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FEMA Extends Emergency Sheltering Assistance, Eases Reporting Requirements

Release Date Release Number
Release Date:
January 29, 2021

WASHINGTON - - Today, FEMA announced a six-month extension of "Emergency Non-Congregate Sheltering during the COVID-19 Public Health Emergency" (interim) policy.  This policy, and subsequent extension, affirms FEMA’s commitment to protect public health by reimbursing state, tribal and territorial governments part of the cost of providing non-congregate sheltering to displaced disaster survivors.

In the spring of 2020, as a result of the Coronavirus (COVID-19) emergency declaration and subsequent major disaster declarations for COVID-19, FEMA established a policy that allowed governments to apply for reimbursement of costs associated with non-congregate sheltering of disaster survivors under the FEMA Public Assistance program. The policy was scheduled to end on Dec. 31, 2020. However, due to the continuing need to protect public safety during the COVID-19 pandemic, FEMA has extended this policy until June 30.  States, tribes and territories will continue to have other reporting requirements associated with FEMA assistance for non-congregate sheltering, but this waiver provides greater flexibility and more certainty for governments providing sheltering during the pandemic.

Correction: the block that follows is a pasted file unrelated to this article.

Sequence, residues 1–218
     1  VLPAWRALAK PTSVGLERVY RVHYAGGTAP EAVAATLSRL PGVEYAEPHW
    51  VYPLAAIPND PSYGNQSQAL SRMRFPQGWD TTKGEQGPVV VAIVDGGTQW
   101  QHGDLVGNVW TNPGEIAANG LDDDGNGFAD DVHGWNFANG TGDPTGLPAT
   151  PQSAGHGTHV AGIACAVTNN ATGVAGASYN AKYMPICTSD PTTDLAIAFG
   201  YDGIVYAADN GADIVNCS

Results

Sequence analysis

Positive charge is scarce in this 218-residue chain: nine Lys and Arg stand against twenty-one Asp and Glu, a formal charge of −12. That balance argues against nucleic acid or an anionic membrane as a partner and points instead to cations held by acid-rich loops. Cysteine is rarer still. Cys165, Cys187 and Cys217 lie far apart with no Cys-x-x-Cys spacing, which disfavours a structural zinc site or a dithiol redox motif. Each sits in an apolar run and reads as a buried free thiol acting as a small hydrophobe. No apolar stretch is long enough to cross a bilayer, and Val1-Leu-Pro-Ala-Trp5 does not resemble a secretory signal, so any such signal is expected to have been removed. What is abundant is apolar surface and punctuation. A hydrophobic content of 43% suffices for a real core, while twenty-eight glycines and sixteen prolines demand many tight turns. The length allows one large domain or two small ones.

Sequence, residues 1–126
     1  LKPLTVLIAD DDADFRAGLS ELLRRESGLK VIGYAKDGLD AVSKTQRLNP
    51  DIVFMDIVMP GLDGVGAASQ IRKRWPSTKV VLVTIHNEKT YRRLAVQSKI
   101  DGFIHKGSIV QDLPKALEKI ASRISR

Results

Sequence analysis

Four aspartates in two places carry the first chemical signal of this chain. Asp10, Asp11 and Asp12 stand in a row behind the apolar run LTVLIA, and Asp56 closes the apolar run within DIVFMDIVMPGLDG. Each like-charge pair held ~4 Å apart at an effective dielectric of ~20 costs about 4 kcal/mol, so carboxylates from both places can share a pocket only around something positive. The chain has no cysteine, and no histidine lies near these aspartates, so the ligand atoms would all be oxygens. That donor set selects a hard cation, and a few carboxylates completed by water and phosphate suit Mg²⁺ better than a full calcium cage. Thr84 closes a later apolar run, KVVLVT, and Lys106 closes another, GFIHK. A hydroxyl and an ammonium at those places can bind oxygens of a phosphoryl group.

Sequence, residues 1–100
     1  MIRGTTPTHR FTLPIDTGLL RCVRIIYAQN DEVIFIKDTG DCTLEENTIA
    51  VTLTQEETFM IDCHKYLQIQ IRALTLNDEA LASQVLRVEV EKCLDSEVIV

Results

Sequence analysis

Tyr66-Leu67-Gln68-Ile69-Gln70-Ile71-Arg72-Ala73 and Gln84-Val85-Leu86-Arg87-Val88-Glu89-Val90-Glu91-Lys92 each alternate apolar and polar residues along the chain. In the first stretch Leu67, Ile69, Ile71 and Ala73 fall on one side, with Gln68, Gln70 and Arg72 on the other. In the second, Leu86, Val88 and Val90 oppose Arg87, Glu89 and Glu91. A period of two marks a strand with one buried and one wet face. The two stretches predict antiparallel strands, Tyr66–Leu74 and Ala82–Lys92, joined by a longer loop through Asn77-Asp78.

In addition to extending the timeframe for consideration of reimbursement for non-congregate sheltering, the updated interim policy includes supplementary guidance clarifying criteria for processing time extension requests, identifying specific data and reporting necessary to assist in the effective management and eventual transition of sheltered populations into other forms of recovery assistance and identifying specific of work and cost eligibility requirements.

Typically, displaced disaster survivors are sheltered in congregate facilities with large open spaces, such as schools, churches, community centers, or similar facilities.  But FEMA recognized the COVID-19 pandemic required additional strategies to ensure that survivors were sheltered in a way that would not increase the risk of exposure to or further transmission of the virus.  That led to offering shelter in non-congregate environments, locations where each individual or household has living space that offers some level of privacy, such as hotels, motels, or dormitories.

FEMA regularly reviews program policies and guidance to ensure that state, local, tribal and territorial partners have the best guidance available and to ensure the appropriate use of federal funding. FEMA is committed to continuing to support the American people in the ongoing battle against the COVID-19 pandemic.

Last updated February 14, 2021